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‘Unless you want a situation like the Netherlands, pull back’ – farmer’s message to Ryan

Vincent Roddy, INHFA national present, has penned a letter to Minister for Environment, Climate and Communications, Eamon Ryan, over emission reduction targets.

In the letter, he described current proposals surrounding climate change targets as of “major concern” to members and rural communities.

He said that the farm group farming represents thousands of members on hills, lowland, and high nature value lands.

He referred to proposals demanding a reduction in greenhouse gas (GHG) emissions for agriculture of between 22 and 30%.

Roddy said that it is his understanding that Minister Ryan and the Green Party are “determined” to see a 30% reduction in agriculture.

In the letter, he outlined: “You have outlined that this is necessary to ensure other sectors of the economy and households are not over-burdened through potential GHG reductions and possible penalties.”

“In driving this narrative, the finger of blame is being pointed at farmers, who are understandably quite annoyed at the divisive manner in which the debate is being conducted.”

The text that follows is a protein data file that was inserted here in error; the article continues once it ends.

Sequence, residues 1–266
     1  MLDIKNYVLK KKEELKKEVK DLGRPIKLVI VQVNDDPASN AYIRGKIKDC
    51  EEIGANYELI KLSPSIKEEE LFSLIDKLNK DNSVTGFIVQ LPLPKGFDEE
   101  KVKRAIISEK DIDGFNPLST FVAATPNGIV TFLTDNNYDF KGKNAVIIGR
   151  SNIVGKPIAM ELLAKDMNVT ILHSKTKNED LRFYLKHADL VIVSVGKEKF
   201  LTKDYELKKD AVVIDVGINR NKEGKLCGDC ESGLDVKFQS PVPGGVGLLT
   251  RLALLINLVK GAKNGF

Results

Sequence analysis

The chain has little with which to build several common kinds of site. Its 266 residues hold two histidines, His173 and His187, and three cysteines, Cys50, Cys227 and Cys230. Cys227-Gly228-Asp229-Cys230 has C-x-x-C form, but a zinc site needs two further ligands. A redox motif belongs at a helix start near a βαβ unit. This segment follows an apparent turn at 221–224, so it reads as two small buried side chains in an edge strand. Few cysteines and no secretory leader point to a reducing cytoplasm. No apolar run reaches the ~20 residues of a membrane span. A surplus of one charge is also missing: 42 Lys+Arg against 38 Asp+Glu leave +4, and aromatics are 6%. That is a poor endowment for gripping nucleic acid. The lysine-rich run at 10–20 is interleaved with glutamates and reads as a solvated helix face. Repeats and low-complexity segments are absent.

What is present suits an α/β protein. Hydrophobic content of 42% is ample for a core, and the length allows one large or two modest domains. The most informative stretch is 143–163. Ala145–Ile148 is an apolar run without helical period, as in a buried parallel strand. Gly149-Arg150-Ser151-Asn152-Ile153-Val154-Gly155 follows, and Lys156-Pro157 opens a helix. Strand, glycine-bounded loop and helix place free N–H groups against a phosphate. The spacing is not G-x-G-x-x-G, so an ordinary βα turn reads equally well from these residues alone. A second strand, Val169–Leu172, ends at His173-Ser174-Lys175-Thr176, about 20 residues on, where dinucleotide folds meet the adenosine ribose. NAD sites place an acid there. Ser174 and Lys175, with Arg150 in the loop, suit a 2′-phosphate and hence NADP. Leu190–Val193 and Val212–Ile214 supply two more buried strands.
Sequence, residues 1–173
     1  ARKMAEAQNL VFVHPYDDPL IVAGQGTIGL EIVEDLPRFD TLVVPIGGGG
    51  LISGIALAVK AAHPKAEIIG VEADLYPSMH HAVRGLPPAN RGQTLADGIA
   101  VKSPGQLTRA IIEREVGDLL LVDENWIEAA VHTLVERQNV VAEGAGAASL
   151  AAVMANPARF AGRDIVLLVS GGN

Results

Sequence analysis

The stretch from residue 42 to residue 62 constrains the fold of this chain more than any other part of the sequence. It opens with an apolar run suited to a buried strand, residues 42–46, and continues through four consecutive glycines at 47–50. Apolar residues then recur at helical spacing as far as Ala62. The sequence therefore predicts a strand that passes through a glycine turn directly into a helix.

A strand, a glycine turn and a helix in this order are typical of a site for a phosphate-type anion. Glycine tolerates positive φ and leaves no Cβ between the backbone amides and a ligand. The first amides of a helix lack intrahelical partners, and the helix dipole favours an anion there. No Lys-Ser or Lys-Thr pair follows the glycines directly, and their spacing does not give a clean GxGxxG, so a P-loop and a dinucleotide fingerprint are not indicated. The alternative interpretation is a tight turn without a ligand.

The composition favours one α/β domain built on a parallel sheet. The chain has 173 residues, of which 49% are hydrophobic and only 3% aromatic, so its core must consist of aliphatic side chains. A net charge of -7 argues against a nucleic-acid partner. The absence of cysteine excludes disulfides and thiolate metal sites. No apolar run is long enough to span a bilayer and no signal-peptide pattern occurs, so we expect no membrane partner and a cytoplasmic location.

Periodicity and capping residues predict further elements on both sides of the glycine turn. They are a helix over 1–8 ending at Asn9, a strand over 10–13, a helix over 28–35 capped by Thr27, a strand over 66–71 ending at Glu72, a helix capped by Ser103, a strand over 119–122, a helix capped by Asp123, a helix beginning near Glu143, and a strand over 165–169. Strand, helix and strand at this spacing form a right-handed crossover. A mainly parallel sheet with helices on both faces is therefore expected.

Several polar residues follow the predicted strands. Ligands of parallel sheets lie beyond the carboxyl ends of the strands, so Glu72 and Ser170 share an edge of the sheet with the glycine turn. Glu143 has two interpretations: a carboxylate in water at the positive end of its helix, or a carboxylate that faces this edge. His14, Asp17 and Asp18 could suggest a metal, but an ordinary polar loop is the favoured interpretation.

“Moreover, we should all recognise that the targets set for each sector were decided on by the Government and Oireachtas without any consultation.

“It is very wrong to blame the farming community for targets they never agreed to and never got the opportunity to engage on.”

As the debate on sectoral targets proceeds, and with it increased demands on our farmers, it is “essential” that there is due consideration relating to “key” points before any discussions surrounding reductions, he added.

He then went on to list the points of concern.

Carbon balance 

Firstly, he said that in calculating our agricultural emissions, the carbon balance for producing that food apply as part of Ireland’s GHG emissions.

However, oil or oil by-products such as diesel, petrol or home heating oil, which Ireland imports, are also applied as part of Ireland’s GHG emissions, he said.

“How is this acceptable? To us, it seems reasonable that any calculation of GHG emissions should choose between consumption or production. Unfortunately, we are being hit on the double.”

“For Ireland, where we export 85% of our agricultural products and other major exporting countries such as New Zealand and the Netherlands, this is a major concern.”

Then, he asked if, deciding on these calculations, did countries with higher population densities push to have this methodology applied.

“Why has the Intergovernmental Panel on Climate Change (IPCC) accepted this model when clearly it is unjust?” he asked.

“How does this model reduce food waste, which is a major contributor to GHG emissions, and should be a global priority in any discussion around climate change? Finally, why did Ireland accept this when it discriminates against us?”

‘Mistake’ to separate ag from land use

In deciding on the sectoral targets, it is a major mistake to separate agriculture from land use, the farm group argues.

In doing this, you immediately reduced options to farmers to offset their GHG emissions, he claims.

“This is totally unacceptable and must be revisited. Currently, we see large corporations and some of our multiples making the claim they are carbon neutral or going carbon neutral.”